Thankfully, it is a not too heavily represented group; there is an inner core consisting of public superstars, and there is robust support from a ragbag phalanx operating behind the deep cover of barricades, some official, some scummy. It is a heady, titillating presence: revealed political ambitions; entrenched power hunger; assorted allegiances; and visceral hostilities.
The leading members of this group are united by common threads – some aspire to be king, others revel in the role of kingmaker, and some find it increasingly harder to relinquish giving up kingship.
For starters, and to clear the air, it would be better to identify who they are not. They are not the closet racists within the major parties, or the diehard, militant blocs which justify their existence by perpetually reliving old feuds. They are neither left wing nor right wing in stance; only somewhat flighty and flightless whether aground or afloat, and are sometimes indistinguishable from fellow clubmen at whom they rail and slash.
At last glance, the PNC brass somehow escapes inclusion in this rollicking brotherhood; and the same could be said for the AFC as currently constituted. On the other hand, the PPP is very luminously – albeit sparsely – represented on several rungs; bulk and elevation are unmistakable.
It is just as unmistakable that members of this elite fraternity are a prominent part of the Guyanese political horizon. The scornful might describe them as odd creatures: rambunctious, impressionable, irresponsible and, on occasion, extremely powerful. Those inclined to be kinder, see political aberrations first generating passing fascination, then consternation.
Call them whatever is pleasing or politically correct; however, all these lovelies are serious characters who harbour strong ideas about governance; specifically, their part – prominently, of course – in such governance, be it as determined arrivistes or through slippery whispers involving controversial extension.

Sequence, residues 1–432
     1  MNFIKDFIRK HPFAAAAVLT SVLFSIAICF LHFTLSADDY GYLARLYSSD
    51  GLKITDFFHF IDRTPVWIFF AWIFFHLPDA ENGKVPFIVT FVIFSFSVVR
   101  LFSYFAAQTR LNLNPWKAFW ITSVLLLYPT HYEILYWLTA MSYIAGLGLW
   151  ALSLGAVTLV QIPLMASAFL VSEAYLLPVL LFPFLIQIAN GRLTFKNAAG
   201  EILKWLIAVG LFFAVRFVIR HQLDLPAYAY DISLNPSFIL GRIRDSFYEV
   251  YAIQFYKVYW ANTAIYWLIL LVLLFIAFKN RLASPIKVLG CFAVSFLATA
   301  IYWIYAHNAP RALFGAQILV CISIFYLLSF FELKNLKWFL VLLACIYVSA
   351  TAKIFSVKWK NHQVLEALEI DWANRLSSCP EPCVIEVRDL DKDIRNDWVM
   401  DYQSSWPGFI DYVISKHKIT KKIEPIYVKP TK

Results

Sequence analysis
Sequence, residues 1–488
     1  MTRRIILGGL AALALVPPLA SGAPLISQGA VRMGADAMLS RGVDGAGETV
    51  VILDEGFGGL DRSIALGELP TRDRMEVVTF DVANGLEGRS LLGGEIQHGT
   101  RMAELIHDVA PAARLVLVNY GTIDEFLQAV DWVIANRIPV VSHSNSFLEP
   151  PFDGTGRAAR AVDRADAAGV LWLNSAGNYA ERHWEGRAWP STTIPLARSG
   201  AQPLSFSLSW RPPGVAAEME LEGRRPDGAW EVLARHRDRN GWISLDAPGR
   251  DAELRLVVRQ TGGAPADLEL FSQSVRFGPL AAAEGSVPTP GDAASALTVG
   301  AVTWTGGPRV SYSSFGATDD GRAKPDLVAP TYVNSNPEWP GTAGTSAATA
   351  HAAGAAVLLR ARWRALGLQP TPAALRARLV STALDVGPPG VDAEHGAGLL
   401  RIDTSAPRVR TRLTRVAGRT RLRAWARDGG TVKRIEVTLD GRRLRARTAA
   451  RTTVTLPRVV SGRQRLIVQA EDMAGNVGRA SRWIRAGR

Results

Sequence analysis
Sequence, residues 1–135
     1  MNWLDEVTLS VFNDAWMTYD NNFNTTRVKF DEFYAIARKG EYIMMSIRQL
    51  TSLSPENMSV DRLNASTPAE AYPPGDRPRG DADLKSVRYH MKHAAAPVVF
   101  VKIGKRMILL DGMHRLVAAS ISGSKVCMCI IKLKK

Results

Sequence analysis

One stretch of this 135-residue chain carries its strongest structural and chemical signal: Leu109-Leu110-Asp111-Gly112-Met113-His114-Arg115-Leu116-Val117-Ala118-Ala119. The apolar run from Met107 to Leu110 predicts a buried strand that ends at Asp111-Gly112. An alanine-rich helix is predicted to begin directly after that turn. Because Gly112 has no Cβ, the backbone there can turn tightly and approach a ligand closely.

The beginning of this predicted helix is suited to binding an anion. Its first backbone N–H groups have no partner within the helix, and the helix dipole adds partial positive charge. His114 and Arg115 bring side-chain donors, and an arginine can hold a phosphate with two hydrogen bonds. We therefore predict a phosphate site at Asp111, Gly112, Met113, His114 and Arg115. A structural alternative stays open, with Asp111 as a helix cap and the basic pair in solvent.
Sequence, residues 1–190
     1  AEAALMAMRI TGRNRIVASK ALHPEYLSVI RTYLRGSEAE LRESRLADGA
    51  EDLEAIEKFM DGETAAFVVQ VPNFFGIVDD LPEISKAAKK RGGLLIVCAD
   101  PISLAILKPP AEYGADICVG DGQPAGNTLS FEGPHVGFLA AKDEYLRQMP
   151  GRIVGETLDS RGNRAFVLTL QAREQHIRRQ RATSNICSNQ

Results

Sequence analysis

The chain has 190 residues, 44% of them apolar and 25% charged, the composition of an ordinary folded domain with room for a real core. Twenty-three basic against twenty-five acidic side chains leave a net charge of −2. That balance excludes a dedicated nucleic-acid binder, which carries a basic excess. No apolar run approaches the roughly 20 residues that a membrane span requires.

However looked at, these are sometimes dangerous men with dangerous aspirations. They fit neatly into that observation of T E Lawrence: “All men dream but not equally… But the dreamers of the day are dangerous men, for they may act on their dreams with open eyes, to make it possible.” They are not only dreamers, but running men too; whether running towards the prize; running from repeated charges of legal demons; or running towards fulfilling family aspirations.
These dreamers, whether operating individually or in (re)packaged form, fancy themselves as pursuing a higher calling, and as agents of change.
There is some truth to the latter, for their ruckuses evoke alarm, and chase away fledgling centrists, fence-sitters, and moderates.
Together with their cheerleading brigades, they live off a hard-earned reputation for agitation, rumpus, men-about-town, and generalized noise nuisance. Serious citizens do not take them seriously, and many wonder whether their elevators function on the top floor. They are mostly seen as humour and part of “good gyaff” within the Guyanese entertainment complex.